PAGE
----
Changed bank practices challenge market

30/04/2009 - 00:00

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ACCESS to finance and tighter lending criteria by the banks remain the biggest obstacles for the property industry.

Changed bank practices challenge market

ACCESS to finance and tighter lending criteria by the banks remain the biggest obstacles for the property industry.

Pindan director Nick Allingame told the WA Business News property forum that banks' strict financing requirements were having a major impact on project development.

"You speak to anyone in land subdivision and they'll tell you not to bother speaking to the banks," he said.

"Any chance of life the banks are throttling it out of them because they won't lend to people who want to buy a house, or they won't lend to people trying to develop new land.

"It's got to the stage where it's almost strangulation; there's no flexibility, there's no liquidity."

Real Estate Institute of WA president Rob Druitt said the tight financial market was only going to get tighter.

"From the development side it's very difficult, and that's a concern because [banks] are not lending, or with loan-to-value ratios down so low and the pre-sales requirements so ridiculous, that we're not going to have new build," he said.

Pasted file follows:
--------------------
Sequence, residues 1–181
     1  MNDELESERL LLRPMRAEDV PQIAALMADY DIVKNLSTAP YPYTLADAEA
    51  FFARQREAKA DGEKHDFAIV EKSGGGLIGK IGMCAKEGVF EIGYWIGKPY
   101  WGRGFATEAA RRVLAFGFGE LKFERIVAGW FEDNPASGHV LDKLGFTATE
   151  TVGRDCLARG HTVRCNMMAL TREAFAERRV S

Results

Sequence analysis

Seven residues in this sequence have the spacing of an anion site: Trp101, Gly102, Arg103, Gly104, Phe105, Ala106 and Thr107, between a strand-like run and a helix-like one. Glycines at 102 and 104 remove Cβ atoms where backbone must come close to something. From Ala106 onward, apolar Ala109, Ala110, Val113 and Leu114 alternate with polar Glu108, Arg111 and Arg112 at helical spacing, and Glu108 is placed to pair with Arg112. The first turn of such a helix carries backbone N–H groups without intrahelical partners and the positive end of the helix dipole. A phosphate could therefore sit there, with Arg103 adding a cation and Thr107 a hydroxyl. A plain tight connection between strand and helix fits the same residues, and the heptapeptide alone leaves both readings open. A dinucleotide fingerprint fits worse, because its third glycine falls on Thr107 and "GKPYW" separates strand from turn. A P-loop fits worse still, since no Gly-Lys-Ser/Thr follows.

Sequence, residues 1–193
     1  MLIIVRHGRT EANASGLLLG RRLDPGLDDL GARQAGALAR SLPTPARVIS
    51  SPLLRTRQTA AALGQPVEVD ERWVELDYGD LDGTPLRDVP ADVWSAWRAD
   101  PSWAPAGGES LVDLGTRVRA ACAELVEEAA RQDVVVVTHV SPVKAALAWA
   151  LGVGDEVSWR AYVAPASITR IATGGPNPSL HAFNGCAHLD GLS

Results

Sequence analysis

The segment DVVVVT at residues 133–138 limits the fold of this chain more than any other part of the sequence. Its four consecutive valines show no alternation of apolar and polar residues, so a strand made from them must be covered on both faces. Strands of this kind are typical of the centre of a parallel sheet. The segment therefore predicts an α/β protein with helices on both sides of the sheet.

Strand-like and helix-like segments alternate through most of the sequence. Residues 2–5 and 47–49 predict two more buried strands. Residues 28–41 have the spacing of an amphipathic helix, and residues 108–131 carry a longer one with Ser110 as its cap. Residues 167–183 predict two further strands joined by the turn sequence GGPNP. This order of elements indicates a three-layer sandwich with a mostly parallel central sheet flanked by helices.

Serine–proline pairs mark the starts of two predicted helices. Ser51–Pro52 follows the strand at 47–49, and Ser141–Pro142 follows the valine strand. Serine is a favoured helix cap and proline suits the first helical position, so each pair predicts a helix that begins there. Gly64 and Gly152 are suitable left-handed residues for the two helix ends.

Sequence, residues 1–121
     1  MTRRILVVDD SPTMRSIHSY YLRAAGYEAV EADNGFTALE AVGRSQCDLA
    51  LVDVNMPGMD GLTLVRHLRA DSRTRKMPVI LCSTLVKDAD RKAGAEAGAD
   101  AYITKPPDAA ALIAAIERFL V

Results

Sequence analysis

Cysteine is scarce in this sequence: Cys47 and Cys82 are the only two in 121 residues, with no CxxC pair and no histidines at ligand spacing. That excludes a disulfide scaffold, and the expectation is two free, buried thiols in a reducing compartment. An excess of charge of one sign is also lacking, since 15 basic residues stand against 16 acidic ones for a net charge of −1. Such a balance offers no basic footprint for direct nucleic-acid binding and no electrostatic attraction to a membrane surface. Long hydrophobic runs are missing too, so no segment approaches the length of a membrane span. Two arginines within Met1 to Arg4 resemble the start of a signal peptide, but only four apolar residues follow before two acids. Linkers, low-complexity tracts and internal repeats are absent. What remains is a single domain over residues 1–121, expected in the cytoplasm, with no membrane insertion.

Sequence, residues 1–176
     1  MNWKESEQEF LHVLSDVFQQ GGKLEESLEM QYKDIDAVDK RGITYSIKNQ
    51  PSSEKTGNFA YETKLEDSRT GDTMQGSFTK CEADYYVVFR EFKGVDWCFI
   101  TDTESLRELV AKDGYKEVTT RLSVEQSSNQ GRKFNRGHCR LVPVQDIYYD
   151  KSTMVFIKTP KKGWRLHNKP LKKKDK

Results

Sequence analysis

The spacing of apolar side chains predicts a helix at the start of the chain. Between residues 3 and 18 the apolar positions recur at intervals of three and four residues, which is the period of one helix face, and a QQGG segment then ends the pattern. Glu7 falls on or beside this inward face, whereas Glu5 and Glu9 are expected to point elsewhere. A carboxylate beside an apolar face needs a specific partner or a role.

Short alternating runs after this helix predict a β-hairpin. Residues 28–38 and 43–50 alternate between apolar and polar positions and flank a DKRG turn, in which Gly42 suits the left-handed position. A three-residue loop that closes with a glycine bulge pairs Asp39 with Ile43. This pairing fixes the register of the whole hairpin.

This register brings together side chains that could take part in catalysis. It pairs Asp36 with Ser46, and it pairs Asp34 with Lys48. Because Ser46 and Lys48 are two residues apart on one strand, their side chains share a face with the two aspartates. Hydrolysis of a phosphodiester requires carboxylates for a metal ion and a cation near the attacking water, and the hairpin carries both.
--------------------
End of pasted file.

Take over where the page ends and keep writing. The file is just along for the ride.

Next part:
Evoke Design Group director Steve Kinchin said the radical falls in loan-to-value ratios had made once-feasible projects unfeasible.

"Now people have been burnt by the share market, they don't have that flexibility to dig into their pockets and come out with an extra $100,000 or $200,000 just to make the project fly," he said.

"So you're sitting there with a project ready to go and no finance. And they will not budge on that, they're holding all the cards."

ABN Group managing director Dale Alcock believes banks have overreacted, criticising them for increasing the deposits required for home loans, and for not passing on interest rate cuts.

"What were seeing is, even at the bottom end, banks requiring an additional 5 per cent deposit," he said.

"That doesn't sound like a lot, but on $400,000, that's an extra $20,000. An average couple don't just go out and find $20,000 in savings overnight, that could take another year to 18 months."

But Cedar Woods chief executive Paul Sadlier said it was important to maintain a functioning banking and financial system.

"In terms of what the banks did in the past, it got a lot of activity going and was probably fuel on the fire we didn't need, and there is a danger of putting people into positions where they can't service the loans," he said.

"I think with the banks being more cautious now, one of the good things is we won't see people over-extended because they won't be getting in. And the people who do get into the market are going to be well-qualified, and they'll ride through a few bumps over the next economic cycle."

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